How army ants build city-like nests with their own bodies

Eciton army ants are so named for their military-like foraging tactics in which large numbers simultaneously swarm over an area the size of a football field, relentlessly devouring their prey, mainly other ant species and wasps. The thoroughness of these “raids” prevents army ant colonies from returning to the same area. So the colonies – some 200,000 individuals – must be in constant motion.

That raises the problem of where to nest and army ants have come up with a unique solution. They use their own bodies to make complex nests called bivouacs, large conical structures that hang from trees or sit in rotten logs. Every 20 days or so they move to a new location, reforming their nest when they get there.

Bivouac is an extraordinary example of self-assembly. Inside, the colony protects its queen, breeds eggs and hatches larvae. This requires specific temperatures and humidity, which the ants control by opening and closing vents. These complex structures are like living, breathing cities.

But the structure of these bivouacs, and how ants form them, is poorly understood, not least because army ants react fiercely to any external disturbance.

That’s why the work of Thomas Bochynek at Northwestern University in Illinois and colleagues is so exciting. This group has created an artificial environment in which army ants can build bivouacs, while an X-ray scanner records the internal structure of the resulting nest. The result is a fascinating visualization of army ant nests and a unique insight into the behavior behind such a complex self-assembly.

The team’s experimental room is a Plexiglas cylinder sealed at the top with a bulletin board for the ants to hang from. The perspex cylinder sits in an X-ray scanner that takes a series of images of the nest from different angles to build a three-dimensional picture of the bivouac structure.

All this was set up in a field lab in a tropical forest on the island of Barro Colorado, which is located in the Panama Canal in Central America. Here, Eciton army ants are relatively easy to find.

Bochynek and co begin their experiment by collecting some 50,000 ants from the nearby forest using a modified vacuum cleaner. They then release the ants into the experimental chamber and record what happens.

When the bivouac is fully formed and the shooting is over, the team removes the ants using the vacuum cleaner and releases them back into the room where the nest building process starts all over again. At the end of the experiment, the ants are released back into the forest.

In total, the team collected five different colonies and recorded the formation of 25 different bivouacs.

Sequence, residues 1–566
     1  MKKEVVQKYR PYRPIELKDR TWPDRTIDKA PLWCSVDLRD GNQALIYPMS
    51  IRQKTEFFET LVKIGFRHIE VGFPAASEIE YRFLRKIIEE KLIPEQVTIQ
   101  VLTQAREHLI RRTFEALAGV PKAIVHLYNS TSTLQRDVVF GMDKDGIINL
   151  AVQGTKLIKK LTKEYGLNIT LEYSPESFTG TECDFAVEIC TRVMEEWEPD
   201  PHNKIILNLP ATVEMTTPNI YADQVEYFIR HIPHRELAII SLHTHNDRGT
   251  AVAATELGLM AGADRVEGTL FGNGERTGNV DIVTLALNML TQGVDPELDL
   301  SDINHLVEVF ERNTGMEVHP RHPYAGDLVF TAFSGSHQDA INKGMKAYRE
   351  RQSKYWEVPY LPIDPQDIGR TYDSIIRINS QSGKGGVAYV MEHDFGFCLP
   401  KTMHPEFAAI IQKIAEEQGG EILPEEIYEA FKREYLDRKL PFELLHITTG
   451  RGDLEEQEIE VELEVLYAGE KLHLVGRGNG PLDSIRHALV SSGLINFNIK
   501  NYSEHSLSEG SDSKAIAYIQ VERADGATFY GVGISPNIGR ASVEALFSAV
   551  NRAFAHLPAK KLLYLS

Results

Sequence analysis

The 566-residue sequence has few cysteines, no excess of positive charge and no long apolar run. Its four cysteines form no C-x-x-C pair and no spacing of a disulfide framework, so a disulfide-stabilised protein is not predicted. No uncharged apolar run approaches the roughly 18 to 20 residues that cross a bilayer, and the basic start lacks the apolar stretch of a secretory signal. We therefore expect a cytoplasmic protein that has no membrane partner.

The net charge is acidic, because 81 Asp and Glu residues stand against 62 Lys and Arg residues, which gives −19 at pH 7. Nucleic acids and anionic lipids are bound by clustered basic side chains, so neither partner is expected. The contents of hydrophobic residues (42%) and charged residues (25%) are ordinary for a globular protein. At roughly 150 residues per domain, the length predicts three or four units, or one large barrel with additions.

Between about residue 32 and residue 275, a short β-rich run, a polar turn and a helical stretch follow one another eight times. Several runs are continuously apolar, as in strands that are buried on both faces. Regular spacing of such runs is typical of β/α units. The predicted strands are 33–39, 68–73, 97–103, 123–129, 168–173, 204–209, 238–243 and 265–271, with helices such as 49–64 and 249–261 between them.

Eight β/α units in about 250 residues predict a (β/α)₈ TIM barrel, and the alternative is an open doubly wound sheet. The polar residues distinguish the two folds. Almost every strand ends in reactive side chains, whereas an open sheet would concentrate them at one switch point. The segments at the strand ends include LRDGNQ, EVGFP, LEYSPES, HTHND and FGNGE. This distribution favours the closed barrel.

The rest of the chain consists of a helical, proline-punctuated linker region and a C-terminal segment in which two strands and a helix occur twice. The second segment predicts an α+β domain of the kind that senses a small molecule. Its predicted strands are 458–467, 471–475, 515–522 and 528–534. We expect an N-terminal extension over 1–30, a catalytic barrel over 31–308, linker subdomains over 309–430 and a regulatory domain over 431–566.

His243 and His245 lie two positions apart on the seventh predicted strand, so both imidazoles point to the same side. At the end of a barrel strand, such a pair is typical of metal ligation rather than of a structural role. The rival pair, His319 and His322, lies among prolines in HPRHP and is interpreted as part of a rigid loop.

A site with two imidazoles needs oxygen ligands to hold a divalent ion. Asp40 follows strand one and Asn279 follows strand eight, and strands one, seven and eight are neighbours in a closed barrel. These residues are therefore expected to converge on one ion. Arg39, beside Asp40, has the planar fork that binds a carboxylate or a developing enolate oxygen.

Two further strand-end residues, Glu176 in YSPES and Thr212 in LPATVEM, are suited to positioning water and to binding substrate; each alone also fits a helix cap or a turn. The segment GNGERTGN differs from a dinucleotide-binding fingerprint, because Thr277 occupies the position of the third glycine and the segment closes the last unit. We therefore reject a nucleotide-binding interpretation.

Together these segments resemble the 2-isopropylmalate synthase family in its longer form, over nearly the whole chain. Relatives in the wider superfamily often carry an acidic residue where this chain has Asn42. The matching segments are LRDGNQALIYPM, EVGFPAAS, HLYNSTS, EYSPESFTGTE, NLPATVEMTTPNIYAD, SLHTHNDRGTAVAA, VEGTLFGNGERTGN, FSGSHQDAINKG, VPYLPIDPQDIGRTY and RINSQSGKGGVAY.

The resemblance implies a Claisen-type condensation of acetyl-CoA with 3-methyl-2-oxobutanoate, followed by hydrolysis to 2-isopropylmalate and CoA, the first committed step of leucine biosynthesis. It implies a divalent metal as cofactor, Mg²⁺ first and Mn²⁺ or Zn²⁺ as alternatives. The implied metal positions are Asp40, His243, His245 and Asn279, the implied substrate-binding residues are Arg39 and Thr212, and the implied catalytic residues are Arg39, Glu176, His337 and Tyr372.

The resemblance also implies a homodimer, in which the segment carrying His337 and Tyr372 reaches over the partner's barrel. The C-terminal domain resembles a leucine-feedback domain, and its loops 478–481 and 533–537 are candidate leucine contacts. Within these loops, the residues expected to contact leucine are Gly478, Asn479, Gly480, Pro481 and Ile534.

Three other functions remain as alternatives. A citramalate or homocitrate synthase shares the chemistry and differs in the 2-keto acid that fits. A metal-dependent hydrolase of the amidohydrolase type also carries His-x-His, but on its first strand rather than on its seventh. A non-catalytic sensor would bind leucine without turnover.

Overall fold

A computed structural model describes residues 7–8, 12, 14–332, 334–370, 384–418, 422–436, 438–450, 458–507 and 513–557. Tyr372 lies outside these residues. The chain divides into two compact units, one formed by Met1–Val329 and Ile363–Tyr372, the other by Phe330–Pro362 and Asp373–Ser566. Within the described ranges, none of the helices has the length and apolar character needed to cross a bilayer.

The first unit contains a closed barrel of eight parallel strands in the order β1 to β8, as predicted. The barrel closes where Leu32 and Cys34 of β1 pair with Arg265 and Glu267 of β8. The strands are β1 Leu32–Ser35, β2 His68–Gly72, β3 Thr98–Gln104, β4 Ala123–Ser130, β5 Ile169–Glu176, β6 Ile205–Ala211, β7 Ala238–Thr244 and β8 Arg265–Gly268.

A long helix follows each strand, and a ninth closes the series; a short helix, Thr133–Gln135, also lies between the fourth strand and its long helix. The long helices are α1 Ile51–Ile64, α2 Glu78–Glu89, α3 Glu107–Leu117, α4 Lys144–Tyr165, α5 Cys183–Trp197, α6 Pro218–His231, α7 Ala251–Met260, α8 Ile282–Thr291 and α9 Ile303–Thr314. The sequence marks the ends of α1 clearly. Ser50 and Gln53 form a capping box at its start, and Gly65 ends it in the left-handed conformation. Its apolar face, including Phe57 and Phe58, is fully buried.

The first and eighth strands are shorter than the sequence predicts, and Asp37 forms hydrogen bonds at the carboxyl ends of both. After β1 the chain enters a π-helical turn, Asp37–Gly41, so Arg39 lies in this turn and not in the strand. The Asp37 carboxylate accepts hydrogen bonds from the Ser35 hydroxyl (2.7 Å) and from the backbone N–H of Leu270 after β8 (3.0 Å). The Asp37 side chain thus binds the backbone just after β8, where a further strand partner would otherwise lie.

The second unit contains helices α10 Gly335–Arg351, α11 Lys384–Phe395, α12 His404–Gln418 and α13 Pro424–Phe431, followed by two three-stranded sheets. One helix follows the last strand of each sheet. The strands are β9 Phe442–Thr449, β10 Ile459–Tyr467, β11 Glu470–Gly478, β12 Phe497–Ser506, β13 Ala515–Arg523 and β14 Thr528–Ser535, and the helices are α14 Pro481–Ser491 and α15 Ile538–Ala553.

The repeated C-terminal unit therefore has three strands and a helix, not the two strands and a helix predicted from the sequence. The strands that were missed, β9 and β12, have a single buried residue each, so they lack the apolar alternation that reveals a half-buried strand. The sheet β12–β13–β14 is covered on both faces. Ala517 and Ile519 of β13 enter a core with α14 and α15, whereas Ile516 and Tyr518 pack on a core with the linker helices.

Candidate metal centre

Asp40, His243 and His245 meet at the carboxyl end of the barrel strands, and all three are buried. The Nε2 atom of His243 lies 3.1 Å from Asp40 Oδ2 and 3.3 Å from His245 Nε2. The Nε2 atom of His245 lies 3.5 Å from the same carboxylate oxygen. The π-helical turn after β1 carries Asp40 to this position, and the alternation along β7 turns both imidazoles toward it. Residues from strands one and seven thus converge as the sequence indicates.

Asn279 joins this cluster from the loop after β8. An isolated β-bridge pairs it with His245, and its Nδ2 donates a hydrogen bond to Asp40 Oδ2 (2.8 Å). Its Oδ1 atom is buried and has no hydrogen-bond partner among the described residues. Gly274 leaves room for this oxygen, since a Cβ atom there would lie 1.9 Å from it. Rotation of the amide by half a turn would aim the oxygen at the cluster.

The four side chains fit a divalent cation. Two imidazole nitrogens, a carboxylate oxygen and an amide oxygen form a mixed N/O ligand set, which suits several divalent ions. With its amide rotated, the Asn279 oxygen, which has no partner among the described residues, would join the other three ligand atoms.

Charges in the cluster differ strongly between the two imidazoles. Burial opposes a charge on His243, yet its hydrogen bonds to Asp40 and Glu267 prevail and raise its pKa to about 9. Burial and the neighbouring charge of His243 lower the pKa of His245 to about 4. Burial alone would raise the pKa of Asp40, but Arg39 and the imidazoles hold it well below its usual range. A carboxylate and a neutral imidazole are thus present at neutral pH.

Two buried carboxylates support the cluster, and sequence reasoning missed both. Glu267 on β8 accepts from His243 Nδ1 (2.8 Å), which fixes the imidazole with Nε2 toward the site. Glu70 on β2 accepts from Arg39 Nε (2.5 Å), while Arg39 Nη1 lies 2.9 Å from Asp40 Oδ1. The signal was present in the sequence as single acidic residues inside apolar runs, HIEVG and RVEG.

This gave them an unprecedented insight into the way bivouacs form. “We show that bivouacs are heterogeneous structures, maintaining a thick shell as they grow around a less dense interior that contains empty spaces resembling nesting chambers,” say Bochynek and co.

All this is happening with the bivouac in a state of constant change with individuals moving in and out of the structure. Indeed, Bochynek and co consider it a superorganism themselves.

By knowing the 3D structure, the team was able to calculate the stresses that each ant in the bivouac must experience. “We find that ants in the bivouac do not carry more than about eight times their weight, regardless of the size of the structure or their position in it,” they say.

In addition, it is easy to imagine that ants near the top of the structure are dealing with greater forces than those elsewhere in the bivouac; but not so. The team says these tensions are more or less evenly distributed among the individuals, regardless of their position within the structure.

Learn to assemble yourself

Bochynek and co hypothesize that if this type of division is maintained as the nest grows, the size of bivouac structures has no theoretical upper limit.

How each ant knows exactly what to do to maintain this structure is not yet clear. But Bochynek and co are confident that their approach will allow for a more detailed study of ant behavior, which should break the ground rules of self-assembly.

With that knowledge, the ability could emerge to create robotic systems that can artificially assemble themselves. These types of synthetic swarms could one day be able to repair roads and bridges, for example, or perform more sophisticated activities.

At present, however, there is much more to be learned from Panamanian army ants using this fascinating new method of visualizing the structures they create.


Ref: Anatomy of a superorganism – structure and growth dynamics of army ant bivouacs: arxiv.org/abs/2110.09017

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